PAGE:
ZFIN ID: ZDB-PUB-091120-22
Molecular dissection of Otx1 functional domains in the zebrafish embryo
Bellipanni, G., Murakami, T., and Weinberg, E.S.
Date: 2010
Source: Journal of Cellular Physiology   222(2): 286-293 (Journal)
Registered Authors: Bellipanni, Gianfranco, Murakami, Tohru, Weinberg, Eric
Keywords: none
MeSH Terms:
  • Animals
  • Binding Sites
  • Cell Aggregation/genetics*
  • Cloning, Molecular
  • Consensus Sequence
  • DNA/metabolism
  • Gene Expression Regulation, Developmental
  • Genes, Reporter
  • Otx Transcription Factors/chemistry
  • Otx Transcription Factors/genetics*
  • Otx Transcription Factors/metabolism
  • Protein Structure, Secondary
  • Protein Structure, Tertiary
  • Structure-Activity Relationship
  • Transcriptional Activation*
  • Zebrafish/embryology
  • Zebrafish/genetics*
  • Zebrafish/metabolism
  • Zebrafish Proteins/chemistry
  • Zebrafish Proteins/genetics*
  • Zebrafish Proteins/metabolism
PubMed: 19890851 Full text @ J. Cell. Physiol.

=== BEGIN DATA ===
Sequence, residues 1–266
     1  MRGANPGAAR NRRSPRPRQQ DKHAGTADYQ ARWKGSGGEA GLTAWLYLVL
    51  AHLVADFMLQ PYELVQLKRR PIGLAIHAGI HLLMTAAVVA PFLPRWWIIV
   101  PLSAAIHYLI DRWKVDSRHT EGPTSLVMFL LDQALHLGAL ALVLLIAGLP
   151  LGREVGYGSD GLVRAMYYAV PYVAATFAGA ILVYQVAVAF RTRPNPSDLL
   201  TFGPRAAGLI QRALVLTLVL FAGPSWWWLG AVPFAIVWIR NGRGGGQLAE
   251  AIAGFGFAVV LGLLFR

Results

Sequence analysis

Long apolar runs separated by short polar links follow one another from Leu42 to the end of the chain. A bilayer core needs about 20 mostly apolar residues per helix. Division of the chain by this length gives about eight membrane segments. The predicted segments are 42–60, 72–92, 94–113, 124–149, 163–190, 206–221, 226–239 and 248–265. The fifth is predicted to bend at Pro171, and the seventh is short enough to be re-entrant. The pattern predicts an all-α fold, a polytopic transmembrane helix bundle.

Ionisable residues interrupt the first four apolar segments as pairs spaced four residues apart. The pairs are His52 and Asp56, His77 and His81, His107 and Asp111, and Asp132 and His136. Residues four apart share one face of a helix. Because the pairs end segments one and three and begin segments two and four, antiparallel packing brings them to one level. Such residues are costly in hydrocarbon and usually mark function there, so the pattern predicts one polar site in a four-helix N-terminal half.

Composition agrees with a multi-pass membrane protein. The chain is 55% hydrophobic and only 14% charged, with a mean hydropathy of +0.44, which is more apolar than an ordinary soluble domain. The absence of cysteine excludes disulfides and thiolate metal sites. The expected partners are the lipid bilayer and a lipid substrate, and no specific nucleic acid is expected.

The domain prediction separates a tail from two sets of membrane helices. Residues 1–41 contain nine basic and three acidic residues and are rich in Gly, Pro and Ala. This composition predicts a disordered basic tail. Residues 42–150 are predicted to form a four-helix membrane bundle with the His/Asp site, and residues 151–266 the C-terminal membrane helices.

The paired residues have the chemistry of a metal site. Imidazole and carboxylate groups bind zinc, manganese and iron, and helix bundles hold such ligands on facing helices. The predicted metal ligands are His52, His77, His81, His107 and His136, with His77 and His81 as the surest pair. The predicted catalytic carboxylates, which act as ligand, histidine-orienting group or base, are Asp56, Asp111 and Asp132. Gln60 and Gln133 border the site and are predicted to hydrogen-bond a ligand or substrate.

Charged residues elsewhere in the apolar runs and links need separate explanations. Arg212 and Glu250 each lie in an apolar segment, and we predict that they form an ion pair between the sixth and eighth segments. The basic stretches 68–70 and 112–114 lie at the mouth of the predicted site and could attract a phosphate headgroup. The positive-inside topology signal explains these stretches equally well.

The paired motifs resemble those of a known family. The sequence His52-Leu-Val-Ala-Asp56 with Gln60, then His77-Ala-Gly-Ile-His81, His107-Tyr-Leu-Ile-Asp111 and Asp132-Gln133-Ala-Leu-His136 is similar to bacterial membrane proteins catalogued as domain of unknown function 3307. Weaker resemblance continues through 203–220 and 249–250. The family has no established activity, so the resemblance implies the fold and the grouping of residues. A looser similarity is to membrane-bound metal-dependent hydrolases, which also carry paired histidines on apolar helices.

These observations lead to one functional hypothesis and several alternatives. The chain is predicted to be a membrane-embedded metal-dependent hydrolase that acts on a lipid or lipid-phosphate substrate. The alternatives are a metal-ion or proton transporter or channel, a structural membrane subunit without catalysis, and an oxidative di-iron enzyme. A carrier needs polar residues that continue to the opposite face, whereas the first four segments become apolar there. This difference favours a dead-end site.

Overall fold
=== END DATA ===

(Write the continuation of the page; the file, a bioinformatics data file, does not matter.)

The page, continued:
ABSTRACT
Otx proteins are involved in the induction of neurectoderm patterning and morphogenetic movements, leading to the formation of the vertebrate central nervous system. Despite lack of homology of sequence outside the homeodomain, a large body of evidence has shown that the Otx/Otd class of proteins has similar functions in many animal phyla. Thus, characterization of functional domains in proteins of this family would help in understanding how this functional equivalence operates. Our previous analysis using the zebrafish embryo (Bellipanni et al., 2000, Dev Biol 223:339-353), has suggested that induction of cell aggregation is a morphoregulatory role of Otx/Otd factors in embryonic development. We now use the induction of cell aggregation as an in vivo assay to examine the functional requirement for particular domains of the zOtx1 protein. We demonstrate that zOtx1 induces cell aggregation by acting as a transcriptional activator through its C-terminal region. Further, we show that a region of 37 amino acids in the C-terminal third of zOtx1 is necessary but not sufficient for this activation potential. The effects of selective deletion of each of the three homeodomain alpha-helices of zOtx1 on cell aggregation were also tested. Surprisingly, we find that helix 3, which is required for binding to DNA, is dispensable for stimulation of cell aggregation. Our results suggest that for transcriptional activation of at least one gene in the cell aggregation pathway, zOtx1 need not bind directly to DNA, but does require helix 1 and 2 of its homeodomain to interact with an as yet undefined DNA binding protein.
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